- Free books on Saturday afternoon!
- The exhibits and getting to know the reps. Most of them I will never buy from, but it does give me the opportunity to see their wares.
And so much more. I encourage you to come to CSLA 2009. You will not be disappointed.
As some of you may know, the TLs in that district have perfected advocacy to an art form. They now have TLs at the elementary level and are working toward hitting CSLA's standard for personnel in libraries. This is not by accident.
Some of the pieces that worked for them at the site level:
- Contribute to daily or weekly bulletins
- Attend social events (even when not assigned)
- Be on School Site Council
- Attend parent meetings
Some of the things that worked for them on the district level included:
- Attendance at board meetings.
- Place action items on board agends.
- TL on the teacher's union board.
- TL on key district committees.
- Provide professional development on district level.
At the very end, Glen Warren from the Orange County Department of Education offered this quote that he heard:
Friday, November 21, 2008
How organizations are formed and who eventually joins an organization is of some interest to me. Sometimes it happens that organizations end up looking a certain way very much based on who joins. Based on the Joe McHugh presentation this morning, it is very obvious that the California School Library Association is:
a. overwhelmingly white
b. overwhelmingly female.
I make this statement with no intention in mind other than to note the fact. When we get together in a large room like we did this morning, it is very noticeable.
I suspect that CSLA reflects the library profession at large. In my own district, we reflect that and only a minority of our TLs and techs are members of CSLA.
- The new mythos - the new religion - is media. Performers (actors, journalists, etc.) are our new priests.
- Librarians have the power to change this.
Thursday, November 20, 2008
His format is very straight-forward. "Here's a list of books. I am going to talk about that list of books until my time is up. There will not be time for questions."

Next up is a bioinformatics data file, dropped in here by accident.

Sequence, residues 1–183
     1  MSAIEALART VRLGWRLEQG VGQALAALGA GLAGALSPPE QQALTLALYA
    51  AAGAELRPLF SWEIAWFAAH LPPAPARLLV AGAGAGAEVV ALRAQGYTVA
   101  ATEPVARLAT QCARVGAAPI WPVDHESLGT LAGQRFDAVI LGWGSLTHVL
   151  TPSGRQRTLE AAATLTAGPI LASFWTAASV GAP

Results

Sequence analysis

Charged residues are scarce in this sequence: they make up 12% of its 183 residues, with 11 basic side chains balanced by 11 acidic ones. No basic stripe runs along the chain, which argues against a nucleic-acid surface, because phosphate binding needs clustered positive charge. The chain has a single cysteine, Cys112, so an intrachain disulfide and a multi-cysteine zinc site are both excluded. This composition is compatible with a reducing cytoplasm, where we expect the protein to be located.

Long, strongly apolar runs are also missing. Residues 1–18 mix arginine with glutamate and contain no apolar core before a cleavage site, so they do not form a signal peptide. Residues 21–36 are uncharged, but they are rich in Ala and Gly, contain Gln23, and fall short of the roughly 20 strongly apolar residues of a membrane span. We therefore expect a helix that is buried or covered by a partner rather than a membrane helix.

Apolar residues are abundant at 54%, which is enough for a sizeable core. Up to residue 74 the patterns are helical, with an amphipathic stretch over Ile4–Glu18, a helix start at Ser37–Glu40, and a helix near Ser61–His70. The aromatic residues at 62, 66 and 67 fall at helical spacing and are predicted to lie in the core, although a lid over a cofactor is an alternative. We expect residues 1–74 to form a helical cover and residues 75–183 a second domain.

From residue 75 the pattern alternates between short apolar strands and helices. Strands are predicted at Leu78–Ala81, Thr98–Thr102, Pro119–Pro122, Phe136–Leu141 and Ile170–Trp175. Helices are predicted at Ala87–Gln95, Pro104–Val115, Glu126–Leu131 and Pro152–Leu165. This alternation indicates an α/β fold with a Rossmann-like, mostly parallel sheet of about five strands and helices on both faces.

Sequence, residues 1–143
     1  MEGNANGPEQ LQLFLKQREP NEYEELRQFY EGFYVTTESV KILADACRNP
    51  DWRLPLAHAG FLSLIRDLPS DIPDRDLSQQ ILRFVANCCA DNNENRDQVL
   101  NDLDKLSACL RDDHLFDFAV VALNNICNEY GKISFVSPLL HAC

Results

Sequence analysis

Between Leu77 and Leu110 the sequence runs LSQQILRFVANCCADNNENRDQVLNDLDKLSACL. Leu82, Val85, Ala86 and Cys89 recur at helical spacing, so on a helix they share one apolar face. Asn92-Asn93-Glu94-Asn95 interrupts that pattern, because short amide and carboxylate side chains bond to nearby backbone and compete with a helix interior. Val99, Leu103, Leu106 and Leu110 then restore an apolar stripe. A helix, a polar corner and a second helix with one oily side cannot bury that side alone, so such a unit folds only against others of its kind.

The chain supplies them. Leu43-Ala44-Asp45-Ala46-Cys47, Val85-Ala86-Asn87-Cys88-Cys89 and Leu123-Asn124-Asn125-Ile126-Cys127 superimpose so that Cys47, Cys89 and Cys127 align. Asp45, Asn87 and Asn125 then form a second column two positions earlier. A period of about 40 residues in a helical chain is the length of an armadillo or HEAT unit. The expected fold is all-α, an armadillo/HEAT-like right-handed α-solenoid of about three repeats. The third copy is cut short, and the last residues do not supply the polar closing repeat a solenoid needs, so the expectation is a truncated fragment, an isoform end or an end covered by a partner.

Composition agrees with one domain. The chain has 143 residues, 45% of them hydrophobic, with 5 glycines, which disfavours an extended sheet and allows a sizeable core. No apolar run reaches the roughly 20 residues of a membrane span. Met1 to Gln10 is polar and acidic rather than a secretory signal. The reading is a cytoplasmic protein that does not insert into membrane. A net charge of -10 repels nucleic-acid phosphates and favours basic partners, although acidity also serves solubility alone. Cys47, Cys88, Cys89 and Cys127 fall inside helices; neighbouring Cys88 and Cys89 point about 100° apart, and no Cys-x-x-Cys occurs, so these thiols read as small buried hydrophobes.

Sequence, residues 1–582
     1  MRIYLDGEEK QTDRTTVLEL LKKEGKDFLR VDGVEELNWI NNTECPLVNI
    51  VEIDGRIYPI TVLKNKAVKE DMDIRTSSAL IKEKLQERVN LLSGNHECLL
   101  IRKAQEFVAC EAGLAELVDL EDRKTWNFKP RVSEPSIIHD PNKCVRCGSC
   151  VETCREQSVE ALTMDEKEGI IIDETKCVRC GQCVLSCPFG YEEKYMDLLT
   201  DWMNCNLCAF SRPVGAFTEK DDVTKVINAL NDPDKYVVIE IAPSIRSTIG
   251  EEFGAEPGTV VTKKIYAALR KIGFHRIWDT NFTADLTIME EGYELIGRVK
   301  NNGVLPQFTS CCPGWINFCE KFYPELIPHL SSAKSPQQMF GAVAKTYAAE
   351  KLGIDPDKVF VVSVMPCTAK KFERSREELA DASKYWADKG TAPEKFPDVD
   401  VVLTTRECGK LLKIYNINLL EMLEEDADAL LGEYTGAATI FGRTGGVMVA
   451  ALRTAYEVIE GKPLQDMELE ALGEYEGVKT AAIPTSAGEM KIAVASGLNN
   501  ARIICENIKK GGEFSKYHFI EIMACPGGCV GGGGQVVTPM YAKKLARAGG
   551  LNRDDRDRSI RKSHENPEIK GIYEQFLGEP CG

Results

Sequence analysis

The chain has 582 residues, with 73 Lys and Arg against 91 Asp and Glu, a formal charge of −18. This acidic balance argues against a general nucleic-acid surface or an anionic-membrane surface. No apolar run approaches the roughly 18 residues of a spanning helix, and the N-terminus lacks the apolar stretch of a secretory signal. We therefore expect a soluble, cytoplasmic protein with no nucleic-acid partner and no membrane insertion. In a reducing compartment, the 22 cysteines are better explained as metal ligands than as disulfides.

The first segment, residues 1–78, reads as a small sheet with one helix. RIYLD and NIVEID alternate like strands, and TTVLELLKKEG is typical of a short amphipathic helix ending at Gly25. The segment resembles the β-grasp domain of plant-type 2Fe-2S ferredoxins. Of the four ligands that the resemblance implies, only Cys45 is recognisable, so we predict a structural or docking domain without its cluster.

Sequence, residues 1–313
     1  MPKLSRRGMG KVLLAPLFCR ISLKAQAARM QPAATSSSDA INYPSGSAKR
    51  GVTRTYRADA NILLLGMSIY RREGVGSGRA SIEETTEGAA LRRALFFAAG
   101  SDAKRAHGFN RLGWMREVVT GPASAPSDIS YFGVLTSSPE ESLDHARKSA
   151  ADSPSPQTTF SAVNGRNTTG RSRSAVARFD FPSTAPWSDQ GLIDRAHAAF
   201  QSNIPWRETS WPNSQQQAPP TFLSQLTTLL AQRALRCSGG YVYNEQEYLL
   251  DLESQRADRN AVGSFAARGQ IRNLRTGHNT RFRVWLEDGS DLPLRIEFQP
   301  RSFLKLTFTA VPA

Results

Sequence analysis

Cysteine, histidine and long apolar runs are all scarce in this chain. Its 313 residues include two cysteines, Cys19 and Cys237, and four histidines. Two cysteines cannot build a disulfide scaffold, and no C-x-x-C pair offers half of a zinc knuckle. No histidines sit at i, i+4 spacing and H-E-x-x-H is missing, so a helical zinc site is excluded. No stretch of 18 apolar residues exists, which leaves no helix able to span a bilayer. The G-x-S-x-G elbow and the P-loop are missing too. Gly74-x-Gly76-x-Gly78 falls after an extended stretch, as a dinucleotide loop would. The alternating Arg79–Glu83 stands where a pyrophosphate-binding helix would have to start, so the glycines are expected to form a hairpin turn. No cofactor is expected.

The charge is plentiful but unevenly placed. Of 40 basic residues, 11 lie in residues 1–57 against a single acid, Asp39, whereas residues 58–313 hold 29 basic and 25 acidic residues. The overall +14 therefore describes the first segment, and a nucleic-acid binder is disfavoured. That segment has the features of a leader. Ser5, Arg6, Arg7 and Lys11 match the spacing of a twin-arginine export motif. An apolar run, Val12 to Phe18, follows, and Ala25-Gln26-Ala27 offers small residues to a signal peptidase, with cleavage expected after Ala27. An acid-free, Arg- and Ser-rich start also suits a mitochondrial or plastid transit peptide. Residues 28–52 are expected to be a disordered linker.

It works. I see why people pay extra to attend the workshop. Yes, when I get home I will be purchasing a number of the books he showcased.
Since you are so nice, I will give you one of his lists called "Traditional" YA:
- The Possibilities of Sainthood (Donna Freitas)
- Peeled (Joan Bauer)
- Suite Scarlett (Maureen Johnson)
- The Disreputable History of Frankie Landau-Banks (E. Lockhart)
- Sunrise over Fallujah (Walter Dean Myers)
- Mexican White Boy (Matt de la Pena)
- How to Build a House (Dana Reinhart)
- He Forgot to Say Goodbye (Benjamin Alire Saenz)
- What they always tell us (Martin Wilson)
Yes, I will be blogging the conference. I am already checked in, got my name badge with the cute blue sticker that signifies I am a presenter, and I am good to go. I am signed up for one of the workshops, so that is likely to be the next post.
I am fortunate that my school and my principal sees value in sending me to the CSLA Conference. However, since they do pay for it, I feel a real responsibility to bring back things that can improve our library program.
Saturday, November 15, 2008
The interesting thing for me is that I will be offering it to my district for adoption for all of our secondary schools. Unlike in the past, where all of our schools are doing different things, we now offer some of the same resources, use the same circulation system, and are purchasing some of the materials.
Because my district does not currently have access to Moodle or Blackboard, FPU has agreed to host it for the time being. Yet one more reason to respect what is going on over there! I am awaiting a response from the district as we speak.
I presented it to my class today and one student suggested that I consider submitting a presentation for CSLA next year and show others how to create a course like this one. Hard to think that far in advance, but it is an idea.